We are pleased to announce the recipients of the papal honors of Chaplain to His Holiness, Pro Ecclesia et Pontifice, and Benerementi. The recipients were honored during a private ceremony in April 2016 at the Bethany Center.
The following priests have been named Chaplains to His Holiness:
- Rev. Monsignor Ronald Aubin
- Rev. Monsignor Dennis Hughes
- Rev. Monsignor Joseph Pellegrino
The following lay persons will receive the Pro Ecclesia et Pontifice Medal:
- Sue Ann Brett – Cathedral of St. Jude, St. Petersburg
- Michael Lewis Carrere – Christ the King, Tampa
- Jeffrey Alan Darrey – Christ the King, Tampa
- Norman P. Dusseault – St. Paul, St. Petersburg
- Robert Celestino Fernandez, MD – St. John Vianney, St. Pete Beach
- Gerald Phillip Giglia – St. Timothy, Lutz
- Richard O. Gonzmart – St. Lawrence, Tampa
- Anita Angela Hamrock – St. Catherine of Siena, Clearwater
- Ondina C. Hernandez – St. Mary, Tampa
- Arthur Francis Kirk – St. Leo Abbey/St. Rita Catholic Church, Dade City
- Frank Vincent Murphy – St. Patrick, Largo
- Paulette Jabour Purvis – Espiritu Santo, Safety Harbor
- William George Ulbricht – Nativity, Brandon
- Hector Vila, Jr., MD – Christ the King, Tampa
The following person will receive the Benemerenti Medal:
- Michael Robert Zelenka – Incarnation, Tampa
Chaplain to His Holiness is an honor bestowed upon a diocesan priest for exceptional service to the Church. The priest is now addressed as Monsignor and has certain privileges with respect to ecclesiastical dress and vestments if they choose. Diocesan priests are nominated by their bishop to receive this award. In January 2014, Pope Francis announced through the Secretariat of State that a diocesan priest must be at least 65 years old before being considered for the honorary title of “Monsignor.” Previously, there was no minimum age. Also, prior to 2014, there were three ranks of monsignori but the Holy Father has since narrowed it down to one: “Chaplain to His Holiness.” Priests from religious institutes do not receive this title.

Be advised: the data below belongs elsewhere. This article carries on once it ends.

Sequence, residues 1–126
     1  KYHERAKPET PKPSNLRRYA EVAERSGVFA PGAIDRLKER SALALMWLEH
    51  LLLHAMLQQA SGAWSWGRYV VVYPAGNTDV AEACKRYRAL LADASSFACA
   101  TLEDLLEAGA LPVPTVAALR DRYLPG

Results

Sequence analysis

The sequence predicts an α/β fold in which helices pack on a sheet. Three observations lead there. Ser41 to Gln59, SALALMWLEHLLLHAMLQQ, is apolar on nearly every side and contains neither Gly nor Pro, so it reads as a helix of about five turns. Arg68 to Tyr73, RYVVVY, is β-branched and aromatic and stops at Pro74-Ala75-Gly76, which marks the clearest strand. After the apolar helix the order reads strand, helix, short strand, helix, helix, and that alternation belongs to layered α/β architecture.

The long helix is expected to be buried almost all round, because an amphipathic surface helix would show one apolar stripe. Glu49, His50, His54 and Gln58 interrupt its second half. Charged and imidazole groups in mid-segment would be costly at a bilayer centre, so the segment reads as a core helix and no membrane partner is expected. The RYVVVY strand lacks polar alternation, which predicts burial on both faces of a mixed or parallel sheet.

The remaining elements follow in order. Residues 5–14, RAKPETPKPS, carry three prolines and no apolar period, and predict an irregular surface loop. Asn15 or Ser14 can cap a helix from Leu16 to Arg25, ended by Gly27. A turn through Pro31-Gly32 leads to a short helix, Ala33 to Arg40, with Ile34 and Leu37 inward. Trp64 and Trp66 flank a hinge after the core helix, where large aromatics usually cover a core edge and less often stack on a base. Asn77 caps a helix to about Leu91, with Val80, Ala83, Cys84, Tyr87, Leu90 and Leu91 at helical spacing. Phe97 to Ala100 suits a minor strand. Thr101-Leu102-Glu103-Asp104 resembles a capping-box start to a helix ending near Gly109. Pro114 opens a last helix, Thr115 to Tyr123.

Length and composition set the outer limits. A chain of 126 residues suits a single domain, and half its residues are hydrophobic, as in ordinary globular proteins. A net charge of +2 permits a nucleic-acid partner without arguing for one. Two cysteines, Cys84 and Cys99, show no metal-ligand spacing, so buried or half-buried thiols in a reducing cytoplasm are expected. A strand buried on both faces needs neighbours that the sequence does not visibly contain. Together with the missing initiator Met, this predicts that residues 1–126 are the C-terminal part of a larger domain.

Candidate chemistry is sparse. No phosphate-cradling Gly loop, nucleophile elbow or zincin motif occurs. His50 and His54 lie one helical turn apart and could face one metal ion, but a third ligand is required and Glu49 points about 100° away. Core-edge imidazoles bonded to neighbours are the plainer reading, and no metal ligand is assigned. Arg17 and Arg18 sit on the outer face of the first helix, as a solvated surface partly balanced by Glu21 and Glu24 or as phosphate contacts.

The Pro Ecclesia et Pontifice Medal is bestowed for distinguished service to the Church by lay people and clergy. It is the highest honor that can be awarded to laity by the Pope. The Diocesan Bishop petitions the Holy See with the names and biographical information of those whom he wishes to receive the award.
The current version of the Pro Ecclesia et Pontifice Medal is gold and is in the shape of a cross, which has been made octagonal in design. On the obverse of the medal are the images of Saints Peter and Paul, under which is inscribed the Latin name of the current pope. On the left arm of the cross in the inscription “Pro Ecclesia” and on the right arm is inscribed “et Pontifice”. At the point of the top arm of the cross is the coat of arms of the reigning pope. At the points of the other arms are small Greek crosses.
The Diocesan Bishop can nominate potential recipients when he sees fit to do so and there is no frequency in which the award is given. In our diocese, the medal was last presented in 2013 and was previously given in 2008.
The Benerementi Medal is an honor bestowed upon clergy or laity by the Pope in recognition of service to the Church. The current version of the Benerementi Medal is gold and in the shape of a cross, which has been made octagonal in design. The cross depicts Christ with his arms raised in blessing. On the left arm of the cross is the symbol of the papacy and on the right arm is the coat of arms of the reigning pope.